AN Owl sat sleeping in a tree. But a Grasshopper, who was singing beneath, would not let her be quiet, abusing her with very indecent and uncivil language; telling her she was a scandalous person, who plied a-nights to get her living, and shut herself up all day in a hollow tree. The Owl desired her to hold her tongue and be quiet: notwithstanding which, she was the more impertinent. She begged of her a second time to leave off; but all to no purpose. The Owl, vexed at the heart to find that all she said went for nothing, cast about to inveigle her by stratagem. Well, says she, since one must be kept awake, it is a pleasure, however, to be kept awake by so agreeable a voice; which, I must confess, is no ways inferior to the finest harp. And, now I think of it, I have a bottle of excellent nectar, which my mistress Pallas gave me; if you have a mind, I will give you a dram to wet your whistle. The Grasshopper, ready to die with thirst, and, at the same time, pleased to be so complimented upon account of her voice, skipped up to the place very briskly; when the Owl, advancing to meet her, seized, and without much delay, made her a sacrifice to her revenge; securing to herself, by the death of her enemy, a possession of that quiet, which, during her life-time, she could not enjoy.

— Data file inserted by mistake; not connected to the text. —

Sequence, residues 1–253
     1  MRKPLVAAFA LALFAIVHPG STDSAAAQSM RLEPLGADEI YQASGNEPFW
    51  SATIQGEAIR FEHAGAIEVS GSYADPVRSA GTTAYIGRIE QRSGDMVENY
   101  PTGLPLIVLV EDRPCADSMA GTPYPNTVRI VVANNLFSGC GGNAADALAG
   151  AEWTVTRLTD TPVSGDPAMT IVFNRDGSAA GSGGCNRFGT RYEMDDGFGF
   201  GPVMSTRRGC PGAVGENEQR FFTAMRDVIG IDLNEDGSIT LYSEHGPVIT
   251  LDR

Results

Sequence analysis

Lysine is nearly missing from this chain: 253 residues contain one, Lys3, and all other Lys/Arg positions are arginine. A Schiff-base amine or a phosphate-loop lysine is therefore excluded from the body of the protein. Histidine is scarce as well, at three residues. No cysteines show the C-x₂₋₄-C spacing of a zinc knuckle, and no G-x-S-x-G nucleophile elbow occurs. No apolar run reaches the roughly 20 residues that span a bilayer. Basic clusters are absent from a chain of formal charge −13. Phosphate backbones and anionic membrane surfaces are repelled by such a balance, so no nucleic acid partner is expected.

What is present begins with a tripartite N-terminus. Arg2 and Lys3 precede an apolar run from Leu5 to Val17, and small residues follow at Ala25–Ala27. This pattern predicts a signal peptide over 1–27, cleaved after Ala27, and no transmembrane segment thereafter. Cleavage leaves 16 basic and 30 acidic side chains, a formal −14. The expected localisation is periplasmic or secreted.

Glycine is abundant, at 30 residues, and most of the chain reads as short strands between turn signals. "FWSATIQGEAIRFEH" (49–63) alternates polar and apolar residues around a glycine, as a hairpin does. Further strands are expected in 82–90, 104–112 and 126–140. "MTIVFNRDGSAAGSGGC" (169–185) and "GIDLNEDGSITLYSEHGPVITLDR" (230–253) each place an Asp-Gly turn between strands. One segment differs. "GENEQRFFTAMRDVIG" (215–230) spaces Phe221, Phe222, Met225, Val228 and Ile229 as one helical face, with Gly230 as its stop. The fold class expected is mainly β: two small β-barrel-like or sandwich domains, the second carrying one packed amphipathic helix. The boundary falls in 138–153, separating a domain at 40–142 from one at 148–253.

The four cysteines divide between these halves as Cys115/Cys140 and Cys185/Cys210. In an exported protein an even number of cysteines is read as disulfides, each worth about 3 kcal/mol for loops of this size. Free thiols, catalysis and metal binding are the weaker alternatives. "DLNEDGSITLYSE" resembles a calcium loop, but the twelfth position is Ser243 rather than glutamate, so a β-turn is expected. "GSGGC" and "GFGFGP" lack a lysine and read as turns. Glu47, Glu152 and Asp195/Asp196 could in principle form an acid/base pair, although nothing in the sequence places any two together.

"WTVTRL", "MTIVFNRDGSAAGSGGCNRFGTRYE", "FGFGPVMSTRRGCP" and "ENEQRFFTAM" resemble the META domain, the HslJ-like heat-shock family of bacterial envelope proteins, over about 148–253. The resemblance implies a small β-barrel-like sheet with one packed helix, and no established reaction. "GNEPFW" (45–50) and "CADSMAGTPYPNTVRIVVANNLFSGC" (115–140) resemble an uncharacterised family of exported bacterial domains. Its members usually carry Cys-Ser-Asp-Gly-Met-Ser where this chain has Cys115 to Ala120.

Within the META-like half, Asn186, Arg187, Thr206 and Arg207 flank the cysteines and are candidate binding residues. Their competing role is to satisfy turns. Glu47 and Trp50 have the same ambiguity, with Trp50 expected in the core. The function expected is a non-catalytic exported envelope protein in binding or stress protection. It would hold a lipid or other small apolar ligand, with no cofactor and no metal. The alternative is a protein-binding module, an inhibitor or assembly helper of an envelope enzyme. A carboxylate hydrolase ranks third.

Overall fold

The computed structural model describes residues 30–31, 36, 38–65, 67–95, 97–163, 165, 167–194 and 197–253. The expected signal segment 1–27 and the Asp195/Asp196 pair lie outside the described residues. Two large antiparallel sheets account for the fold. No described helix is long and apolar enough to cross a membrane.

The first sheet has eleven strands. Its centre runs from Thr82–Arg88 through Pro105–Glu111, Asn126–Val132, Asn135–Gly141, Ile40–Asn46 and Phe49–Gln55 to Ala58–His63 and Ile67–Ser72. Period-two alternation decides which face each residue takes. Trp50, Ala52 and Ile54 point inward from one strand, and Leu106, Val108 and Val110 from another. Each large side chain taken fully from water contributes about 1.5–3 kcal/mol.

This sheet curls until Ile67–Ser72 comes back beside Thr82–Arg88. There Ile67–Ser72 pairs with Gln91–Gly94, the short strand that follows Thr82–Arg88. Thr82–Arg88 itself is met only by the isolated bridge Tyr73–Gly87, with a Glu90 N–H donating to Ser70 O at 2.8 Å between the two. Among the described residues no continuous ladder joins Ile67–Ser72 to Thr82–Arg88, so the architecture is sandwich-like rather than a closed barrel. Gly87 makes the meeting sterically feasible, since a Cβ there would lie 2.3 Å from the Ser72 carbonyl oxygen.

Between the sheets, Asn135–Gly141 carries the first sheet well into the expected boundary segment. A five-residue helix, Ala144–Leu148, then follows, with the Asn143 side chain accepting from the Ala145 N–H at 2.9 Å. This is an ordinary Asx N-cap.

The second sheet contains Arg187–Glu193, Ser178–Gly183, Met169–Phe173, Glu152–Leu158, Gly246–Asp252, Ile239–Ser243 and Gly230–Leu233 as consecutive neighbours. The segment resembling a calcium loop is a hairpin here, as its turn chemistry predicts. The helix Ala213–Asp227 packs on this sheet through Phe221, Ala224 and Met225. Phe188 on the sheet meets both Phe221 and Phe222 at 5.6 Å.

Humanity, or what we understand by common civility, is not more a necessary duty, than it is easy to practise. The man that is guilty of ill-manners, if he has been bred to know what is meant by manners, must do violence to himself, as well as to the person he offends; and cannot be inhuman to others, without being cruel to his own nature. It has been observed, in the application to the forty-seventh fable, that people of captious tempers being generally in the wrong, in taking things ill, which were never so intended, are likely to be but the more persecuted; in order to be laughed out of their folly; and that not unjustly. But we must take care to distinguish; and, when any thing truly impertinent and troublesome has been said or done to another, not to repeat it because he takes it ill, but immediately to desist from it; especially when he is so moderate as to make it his request two or three times, before he proceeds openly to take his course, and do himself justice. This point should be well considered; for many quarrels, of very ill consequence, have been occasioned by a rash unthinking persistance in the impertinent humour before-mentioned. Some young people are tend of showing their wit and intrepidity, and therefore take such occasions to do it: and when a friend is peevish, (as one may have a private cause for being so) they will not leave, till they have rallied him out of it; no, though he entreats them ever so gravely and earnestly. Whereas, in truth, we have no right to be impertinent with one another to extremity; and though there is no law to punish such incivilities as I have been speaking of, they will scarce fail of meeting with a deserved and just chastisement, some way or other.